Johan Goosen's development will be stalled with his move to France, writes RYAN VREDE.
Goosen, within the Springboks' coaching ranks, is considered the most naturally talented young South African flyhalf ever produced. He has done things in training that have amazed even the most senior of Springboks and the hope remains that in time he will develop into a match-winner at Test level, either as a flyhalf or, the latest thinking goes, a fullback.
On Saturday against the Sharks I watched him closely and understood why he is rated so highly. There was nothing particularly special about his performance, but his game management, a point of concern from the Springbok coaches, was superb, as was his option-taking. He erred on the side of the pragmatic for the most part, and the Cheetahs benefited. Lest we forget he turns just 22 in a fortnight and that he was up against a Sharks side laden with senior Springboks. His showing was commanding and composed and drizzled with dazzle.
He is some way off the refined product Heyneke Meyer and co envision him being. There are deep concerns about his mental strength, particularly relating to his ability to deal with professional setbacks, as well as the influence from his advisors, among them his father. But he is a prodigious talent and a massive asset to South African rugby.
Only, sadly, he has just one match left for the Cheetahs before he departs for life in Paris with Racing Métro. I've typically supported moves of this nature for elite South African players on the basis that the experience would grow them as people and players. But I lament Goosen's decision, which will see him spend three crucial formative years in France, a country not known for refining gifted young flyhalves into high calibre, Test quality ones.
That view is shaped by professional experience and observation, as well as having my view informed by numerous interviews and informal discussions with players who've played there. There is a strong emphasis on forward play, with the development of the back divisions not seen as a discipline of as great importance. The coaches in France are generally better equipped to instruct and educate the heavies better, although Racing boast Ronan O'Gara as a backline coach, which I hope will benefit Goosen.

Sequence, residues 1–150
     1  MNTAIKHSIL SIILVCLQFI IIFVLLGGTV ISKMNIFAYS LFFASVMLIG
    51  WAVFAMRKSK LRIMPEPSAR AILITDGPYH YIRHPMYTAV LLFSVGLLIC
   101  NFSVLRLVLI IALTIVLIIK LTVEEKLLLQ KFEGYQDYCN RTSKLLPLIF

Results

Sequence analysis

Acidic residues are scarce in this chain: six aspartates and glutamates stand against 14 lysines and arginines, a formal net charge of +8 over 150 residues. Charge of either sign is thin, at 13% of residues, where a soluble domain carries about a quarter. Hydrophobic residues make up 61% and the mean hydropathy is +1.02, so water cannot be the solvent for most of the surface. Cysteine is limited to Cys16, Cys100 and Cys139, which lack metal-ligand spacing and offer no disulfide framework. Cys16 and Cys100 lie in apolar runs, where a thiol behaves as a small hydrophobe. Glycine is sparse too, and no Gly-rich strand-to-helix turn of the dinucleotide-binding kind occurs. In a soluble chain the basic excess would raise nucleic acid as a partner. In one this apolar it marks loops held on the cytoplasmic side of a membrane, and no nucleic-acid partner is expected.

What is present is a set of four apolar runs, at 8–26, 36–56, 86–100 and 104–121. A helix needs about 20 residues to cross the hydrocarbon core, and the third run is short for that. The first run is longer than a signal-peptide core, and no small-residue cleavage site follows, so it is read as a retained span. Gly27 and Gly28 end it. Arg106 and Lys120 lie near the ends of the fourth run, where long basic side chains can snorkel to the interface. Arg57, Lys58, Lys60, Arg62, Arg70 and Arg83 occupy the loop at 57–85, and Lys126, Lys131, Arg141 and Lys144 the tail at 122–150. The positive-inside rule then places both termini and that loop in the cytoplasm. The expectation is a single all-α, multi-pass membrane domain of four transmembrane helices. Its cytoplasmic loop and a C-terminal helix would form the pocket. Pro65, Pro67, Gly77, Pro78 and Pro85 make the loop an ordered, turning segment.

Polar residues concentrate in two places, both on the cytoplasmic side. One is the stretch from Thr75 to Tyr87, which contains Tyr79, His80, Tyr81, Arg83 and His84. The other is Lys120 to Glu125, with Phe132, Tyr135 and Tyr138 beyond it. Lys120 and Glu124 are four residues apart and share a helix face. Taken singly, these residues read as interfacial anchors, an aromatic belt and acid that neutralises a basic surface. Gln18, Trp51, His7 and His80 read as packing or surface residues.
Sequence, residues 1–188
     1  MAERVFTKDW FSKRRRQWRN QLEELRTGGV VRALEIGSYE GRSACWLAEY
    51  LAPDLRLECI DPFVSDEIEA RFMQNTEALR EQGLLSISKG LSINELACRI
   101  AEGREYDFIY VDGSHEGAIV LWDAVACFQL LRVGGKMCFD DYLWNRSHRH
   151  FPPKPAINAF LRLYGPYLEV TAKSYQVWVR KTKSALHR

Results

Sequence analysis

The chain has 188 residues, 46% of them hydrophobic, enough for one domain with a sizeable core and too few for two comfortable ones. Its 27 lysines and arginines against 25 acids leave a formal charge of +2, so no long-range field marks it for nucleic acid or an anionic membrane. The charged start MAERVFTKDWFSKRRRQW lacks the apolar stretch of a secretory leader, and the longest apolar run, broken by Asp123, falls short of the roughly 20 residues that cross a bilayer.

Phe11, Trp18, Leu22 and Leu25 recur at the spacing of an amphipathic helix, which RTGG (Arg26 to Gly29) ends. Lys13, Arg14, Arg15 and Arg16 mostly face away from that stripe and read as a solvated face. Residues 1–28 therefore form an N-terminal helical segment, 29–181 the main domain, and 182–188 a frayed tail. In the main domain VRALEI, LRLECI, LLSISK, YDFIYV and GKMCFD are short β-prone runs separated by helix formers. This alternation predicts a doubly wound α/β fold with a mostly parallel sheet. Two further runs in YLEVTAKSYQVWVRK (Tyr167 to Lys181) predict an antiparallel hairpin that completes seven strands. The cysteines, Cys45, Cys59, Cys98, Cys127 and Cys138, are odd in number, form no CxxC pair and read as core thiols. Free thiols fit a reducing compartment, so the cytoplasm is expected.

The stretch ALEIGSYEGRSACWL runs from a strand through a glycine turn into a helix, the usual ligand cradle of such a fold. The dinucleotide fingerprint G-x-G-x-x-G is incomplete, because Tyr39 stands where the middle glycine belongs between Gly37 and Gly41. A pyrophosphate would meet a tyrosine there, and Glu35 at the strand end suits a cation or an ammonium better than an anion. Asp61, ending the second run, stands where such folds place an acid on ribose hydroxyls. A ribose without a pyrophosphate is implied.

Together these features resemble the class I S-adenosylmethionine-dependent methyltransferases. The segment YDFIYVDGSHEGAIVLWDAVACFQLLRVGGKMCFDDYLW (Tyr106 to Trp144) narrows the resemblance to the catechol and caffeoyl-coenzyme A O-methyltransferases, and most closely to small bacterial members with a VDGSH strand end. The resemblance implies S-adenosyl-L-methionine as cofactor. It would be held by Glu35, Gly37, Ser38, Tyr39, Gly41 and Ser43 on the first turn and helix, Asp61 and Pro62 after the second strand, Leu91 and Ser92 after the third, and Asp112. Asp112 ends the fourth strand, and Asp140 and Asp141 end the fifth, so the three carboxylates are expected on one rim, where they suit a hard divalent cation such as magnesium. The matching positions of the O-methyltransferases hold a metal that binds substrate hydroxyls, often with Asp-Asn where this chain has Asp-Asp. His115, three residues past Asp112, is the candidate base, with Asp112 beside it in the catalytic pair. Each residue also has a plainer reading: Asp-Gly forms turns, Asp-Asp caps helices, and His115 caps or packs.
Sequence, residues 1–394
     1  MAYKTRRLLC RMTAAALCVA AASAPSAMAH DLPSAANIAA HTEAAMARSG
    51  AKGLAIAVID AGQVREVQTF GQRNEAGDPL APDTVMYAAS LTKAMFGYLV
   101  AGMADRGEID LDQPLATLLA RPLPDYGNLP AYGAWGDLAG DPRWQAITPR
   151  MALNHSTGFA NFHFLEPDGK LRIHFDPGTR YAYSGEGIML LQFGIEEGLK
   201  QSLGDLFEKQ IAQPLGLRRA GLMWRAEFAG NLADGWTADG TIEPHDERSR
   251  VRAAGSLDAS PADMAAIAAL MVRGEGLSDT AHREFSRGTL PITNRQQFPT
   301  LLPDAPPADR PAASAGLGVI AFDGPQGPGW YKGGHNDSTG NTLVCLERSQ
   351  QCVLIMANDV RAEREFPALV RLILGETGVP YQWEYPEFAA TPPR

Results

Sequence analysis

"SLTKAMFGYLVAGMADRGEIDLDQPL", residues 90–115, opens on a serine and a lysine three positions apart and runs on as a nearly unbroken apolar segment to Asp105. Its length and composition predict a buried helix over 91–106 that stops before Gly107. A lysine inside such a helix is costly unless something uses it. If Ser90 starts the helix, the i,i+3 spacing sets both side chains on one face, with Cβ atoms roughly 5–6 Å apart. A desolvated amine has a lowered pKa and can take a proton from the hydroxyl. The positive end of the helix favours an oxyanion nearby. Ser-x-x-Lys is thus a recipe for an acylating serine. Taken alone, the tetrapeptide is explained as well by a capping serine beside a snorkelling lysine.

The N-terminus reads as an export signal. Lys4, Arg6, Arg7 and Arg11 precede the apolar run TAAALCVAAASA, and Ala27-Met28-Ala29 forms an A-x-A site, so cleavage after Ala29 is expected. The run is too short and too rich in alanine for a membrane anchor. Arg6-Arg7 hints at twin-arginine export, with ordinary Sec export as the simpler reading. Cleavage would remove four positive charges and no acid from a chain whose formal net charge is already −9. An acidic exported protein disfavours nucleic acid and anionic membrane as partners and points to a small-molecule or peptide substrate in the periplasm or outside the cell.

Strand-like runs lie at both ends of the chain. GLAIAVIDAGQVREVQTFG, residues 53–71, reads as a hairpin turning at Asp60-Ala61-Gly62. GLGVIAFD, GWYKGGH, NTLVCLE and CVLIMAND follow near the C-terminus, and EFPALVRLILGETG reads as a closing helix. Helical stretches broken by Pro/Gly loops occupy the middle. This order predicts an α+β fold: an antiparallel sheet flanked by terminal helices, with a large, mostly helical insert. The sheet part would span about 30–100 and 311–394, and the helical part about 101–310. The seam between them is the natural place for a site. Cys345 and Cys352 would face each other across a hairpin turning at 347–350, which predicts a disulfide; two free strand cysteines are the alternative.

The former Ireland pivot was a far more pragmatic flyhalf than Goosen, one versed in a pattern that stressed territorial dominance over flat-standing, ball-in-hand attack. There are, however, undoubtedly lessons O'Gara can impart to Goosen, valuable ones at that, and I hope the youngster is a willing and competent student.
Yet I still believe Goosen made an ill-informed career choice in the context of his personal development. That's not to say the level of flyhalf coaching in South Africa compares favourably with New Zealand, the benchmark in this regard, but he would have been closer to Meyer and Naka Drotské's guiding hands and largely free of the potentially suffocating pressure that comes from Racing's expected return on their multi-million euro investment. The latter is an important point, given how Goosen tends to be gripped by self-doubt at times.
I can appreciate the need for an escape, if that was part of his motivation for taking the Racing deal. There has been intense media focus on him in the past two years and that can take its toll. But the decision to further his fledgling career in France is, I suspect, one he and the Springboks will feel the adverse effects of in the years ahead.
I hope I'm wrong. I hope Goosen embarrasses my view and grows to be a formidable player.
Photo: Rob Jefferies/Photosport